Video

Video In Thailand, Some Efforts to Improve Conditions For Migrant Laborers

Thailand has been facing increasing international scrutiny as a hub of human trafficking and slave labor. Some of the kingdom’s companies are striving to improve working conditions, especially for the millions of migrant laborers from surrounding countries. VOA Correspondent Steve Herman in Bangkok takes a look at one initiative for children at construction sites
Video

Video Public Raises its Voice on Power Plant Pollution

In the United States, proposed rules to cut pollution from the nation’s 600 coal-fired power plants are generating a heated debate. The U.S. Environmental Protection Agency, charged with writing and implementing the plan, has already received 300,000 written comments. As VOA’s Rosanne Skirble reports, another 1,600 people are lining up this week at EPA headquarters and at satellite offices around the country to give their testimony in person.
Video

Video Information War Rages Alongside Real One in Ukraine

The downing of the Malaysian airliner two weeks ago, and allegations that Russians are shelling Ukrainian troops across the border, have moved the information war swirling around the Ukrainian conflict to a new level. VOA's Al Pessin reports from Kyiv.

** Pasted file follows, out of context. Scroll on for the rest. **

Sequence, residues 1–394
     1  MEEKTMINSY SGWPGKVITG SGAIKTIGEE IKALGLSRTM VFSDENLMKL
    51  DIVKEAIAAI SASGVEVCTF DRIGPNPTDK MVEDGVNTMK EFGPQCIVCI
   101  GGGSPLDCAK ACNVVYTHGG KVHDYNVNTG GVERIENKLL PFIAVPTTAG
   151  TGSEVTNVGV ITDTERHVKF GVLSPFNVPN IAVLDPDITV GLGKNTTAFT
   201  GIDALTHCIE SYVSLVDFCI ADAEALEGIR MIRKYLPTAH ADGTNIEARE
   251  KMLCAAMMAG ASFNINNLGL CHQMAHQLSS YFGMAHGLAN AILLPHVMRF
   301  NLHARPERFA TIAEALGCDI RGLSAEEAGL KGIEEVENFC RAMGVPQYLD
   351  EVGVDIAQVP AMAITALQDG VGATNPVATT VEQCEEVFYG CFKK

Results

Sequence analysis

Video

Video When Fighting Eases, Gazans Line Up at Bakeries

When there is a lull in the conflict in Gaza, residents who have been hunkered down in their apartments rush out to stock up on food and other necessities. Probably the most important destination is the local bakery. VOA’s Scott Bobb reports from Gaza City.
Video

Video China Investigates Powerful Former Security Chief

The public in China is welcoming the Communist Party's decision to investigate one of the country's once most powerful politicians, former domestic security chief Zhou Yongkang. Analysts say the move by President Xi Jinping is not only an effort to win more support for the party, but an essential step to furthering much needed economic reforms and removing those who would stand in the way of change. VOA's Bill Ide has more from Beijing.
Video

Video US-Funded Program Offers Honduran Children Alternative to Illegal Immigration

President Obama and Central American leaders recently agreed to come up with a plan to address poverty and crime in the region that is fueling the surge of young migrants trying to illegally enter the United States. VOA’s Brian Padden looks at one such program in Honduras - funded in part by the United States - which gives street kids not only food and safety but a chance for a better life without, crossing the border.
Video

Video 'Fab Lab' Igniting Revolution in Kenya

The University of Nairobi’s Science and Technology Park is banking on 3-D prototyping to spark a manufacturing revolution in the country. Lenny Ruvaga has more for from Nairobi's so-called “FabLab” for VOA.
Video

Video Immigrant Influx on Texas Border Heats Up Political Debate

Immigrants from Central America continue to cross the U.S.-Mexico border in south Texas, seeking asylum in the United States, as officials grapple with ways to deal with the problem and provide shelter for thousands of minors among the illegal border crossers. As VOA's Greg Flakus reports from Houston, the issue is complicated by internal U.S. politics and U.S. relations with the troubled nations that immigrants are fleeing.

AppleAndroid